Can it be that Roger Daltrey’s singing career has finally turned the full circle and his time with The Who was merely an aberration? Back before Pete started messing around with riff-driven songs about teenage angst and graduated to rock operas, Roger was an R&B singer through and through, thoroughly at home on those songs from the 1965 My Generation album like ‘I Don’t Mind’, ‘Please Please Please’ and ‘I’m A Man’, not to mention the out-takes from the album sessions that surfaced later like ‘Shout And Shimmy’ and ‘Anytime You Want Me’. And all the way along it often seemed to me that he was at his happiest singing those rock’n’roll standards The Who covered, like ‘Summertime Blues’, ‘Shakin’ All Over’ and ‘Road Runner’. Then there was Pete’s ‘Long Live Rock’, a curio really, but it wouldn’t be out of place on this record Roger has made with Wilko Johnson, ailing guitar hero of Dr Feelgood whose back catalogue is plundered by the pair of them in some style and plenty of swagger.
Indeed, the album’s opener and title track ‘Going Back Home’ doesn’t sound a million miles away from ‘Long Live Rock’. Is it sacrilege to suggest that this material suits Roger’s voice better than anything Pete has written since, well, maybe Quadrophenia, or at least since Keith died? That voice, together with Wilko’s trademark stabbing, choppy, echo-free guitar style makes for a rollocking good album, gritty and energetic, foot down, head for home and don’t spare the horses, as you would expect from seasoned professionals like Roger and Wilko, alongside Blockheads über-bassist Norman Watt Roy and drummer Dylan Howe, who have made up Wilko’s most recent touring band.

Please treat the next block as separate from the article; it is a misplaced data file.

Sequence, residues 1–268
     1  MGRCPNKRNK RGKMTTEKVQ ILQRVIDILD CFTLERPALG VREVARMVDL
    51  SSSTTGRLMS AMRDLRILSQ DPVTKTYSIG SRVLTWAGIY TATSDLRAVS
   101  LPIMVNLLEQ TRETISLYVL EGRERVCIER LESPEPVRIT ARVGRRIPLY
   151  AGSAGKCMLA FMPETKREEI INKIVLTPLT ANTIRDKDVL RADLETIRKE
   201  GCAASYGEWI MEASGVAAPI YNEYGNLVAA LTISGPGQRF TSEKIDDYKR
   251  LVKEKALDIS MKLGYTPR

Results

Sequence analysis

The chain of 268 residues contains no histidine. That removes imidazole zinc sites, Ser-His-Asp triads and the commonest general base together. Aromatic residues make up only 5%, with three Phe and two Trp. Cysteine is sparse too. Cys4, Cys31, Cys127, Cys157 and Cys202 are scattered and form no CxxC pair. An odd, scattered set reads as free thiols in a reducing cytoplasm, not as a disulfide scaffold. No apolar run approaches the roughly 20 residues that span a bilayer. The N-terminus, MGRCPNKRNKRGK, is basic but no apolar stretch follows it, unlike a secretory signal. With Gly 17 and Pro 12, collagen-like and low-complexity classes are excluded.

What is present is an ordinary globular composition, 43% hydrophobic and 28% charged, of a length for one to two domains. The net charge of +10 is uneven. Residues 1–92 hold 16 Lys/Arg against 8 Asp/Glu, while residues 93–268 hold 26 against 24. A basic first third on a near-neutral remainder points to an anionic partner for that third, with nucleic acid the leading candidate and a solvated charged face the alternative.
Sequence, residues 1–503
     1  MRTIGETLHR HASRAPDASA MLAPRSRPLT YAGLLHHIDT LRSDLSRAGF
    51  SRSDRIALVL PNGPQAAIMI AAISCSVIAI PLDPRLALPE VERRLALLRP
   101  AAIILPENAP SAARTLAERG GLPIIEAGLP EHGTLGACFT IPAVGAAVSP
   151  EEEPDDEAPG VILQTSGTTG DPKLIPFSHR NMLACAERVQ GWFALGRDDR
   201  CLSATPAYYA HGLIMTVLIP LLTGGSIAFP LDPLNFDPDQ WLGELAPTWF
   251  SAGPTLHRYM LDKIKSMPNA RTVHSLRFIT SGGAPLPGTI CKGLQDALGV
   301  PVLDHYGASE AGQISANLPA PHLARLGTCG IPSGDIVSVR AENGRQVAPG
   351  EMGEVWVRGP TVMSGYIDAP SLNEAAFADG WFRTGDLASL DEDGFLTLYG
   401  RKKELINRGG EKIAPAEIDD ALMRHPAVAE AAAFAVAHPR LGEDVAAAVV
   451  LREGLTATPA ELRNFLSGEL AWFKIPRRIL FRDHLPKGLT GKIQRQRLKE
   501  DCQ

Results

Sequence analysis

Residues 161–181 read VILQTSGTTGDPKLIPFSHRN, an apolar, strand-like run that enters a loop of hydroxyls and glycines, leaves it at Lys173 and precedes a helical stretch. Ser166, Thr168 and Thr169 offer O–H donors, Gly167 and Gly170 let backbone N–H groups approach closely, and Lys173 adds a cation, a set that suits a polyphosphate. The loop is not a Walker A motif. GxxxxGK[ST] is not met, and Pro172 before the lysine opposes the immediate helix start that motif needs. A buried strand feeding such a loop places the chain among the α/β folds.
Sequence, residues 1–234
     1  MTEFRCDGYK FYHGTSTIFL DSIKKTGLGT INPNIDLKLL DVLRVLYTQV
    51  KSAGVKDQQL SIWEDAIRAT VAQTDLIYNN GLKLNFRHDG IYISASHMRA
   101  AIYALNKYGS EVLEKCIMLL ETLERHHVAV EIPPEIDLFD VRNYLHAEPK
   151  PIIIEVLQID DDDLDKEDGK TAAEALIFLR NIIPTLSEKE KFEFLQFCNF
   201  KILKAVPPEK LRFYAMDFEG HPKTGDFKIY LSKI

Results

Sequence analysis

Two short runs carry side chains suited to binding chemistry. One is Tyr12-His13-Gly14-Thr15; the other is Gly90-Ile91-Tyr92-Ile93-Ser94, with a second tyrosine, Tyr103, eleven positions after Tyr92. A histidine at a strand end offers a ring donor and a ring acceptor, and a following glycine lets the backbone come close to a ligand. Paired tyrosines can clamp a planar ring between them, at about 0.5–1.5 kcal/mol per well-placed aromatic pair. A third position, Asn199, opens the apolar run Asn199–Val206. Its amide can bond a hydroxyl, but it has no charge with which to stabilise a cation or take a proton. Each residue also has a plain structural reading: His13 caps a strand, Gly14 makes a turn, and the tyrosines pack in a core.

Going Back Home was recorded in seven days – and there’s nothing wrong with that – at Roger’s home studio at East Burwash on the Kent-Sussex Border, its speedy gestation suggesting an element of urgency in view of Wilko’s fragile state of health. It’s long been a contention of mine that music recorded quickly conveys an urgency that is lost when sessions drag on for months and this urgency can only be good for the music, well music like this anyway, ten no-nonsense old fashioned (Maximum) R&B-styled Feelgood and Wilko originals plus a full-bodied stab at Dylan’s scornful ‘Can You Please Crawl Out Your Window’.
It’s no surprise that Wilko and Roger share a mutual admiration for Johnny Kidd & The Pirates whose influence can be felt in both The Who and Dr Feelgood, and some years ago this became a topic of discussion for them when they met at some awards do. It evidently resulted in a plan to record together at some vague time in the future. Then Wilko’s diagnoses made it a matter of urgency, hence Going Back Home and the live show at Shepherds Bush that accompanied its March release.
I’ve been listening to Going Back Home for a month now, usually on the train between Guildford and Waterloo, and come to like it a lot. There is a vintage feel to the record which in many ways points to the fact that these two were made for one another. Roger is certainly at home on the two Feelgood classics ‘All Through The City’ (I particularly like hearing him enunciate ‘… See you in the morning, down by the jetty’) and ‘Sneaking Suspicion’ but he’s also very effective when he takes his foot off the gas to slow down for ‘Turned 21’. Wilko’s short sharp solos are as invigorating as ever, for which we can all give thanks, and Steve Weston, another Southend-on-Sea marvel, gives it his all on harp too.
Roger himself probably put it best when asked to describe the album for Uncut magazine: “Fast, three-minute r&b songs,” he said. “No bullshit.” Great job lads, and here’s to Wilko staying strong for a good while yet.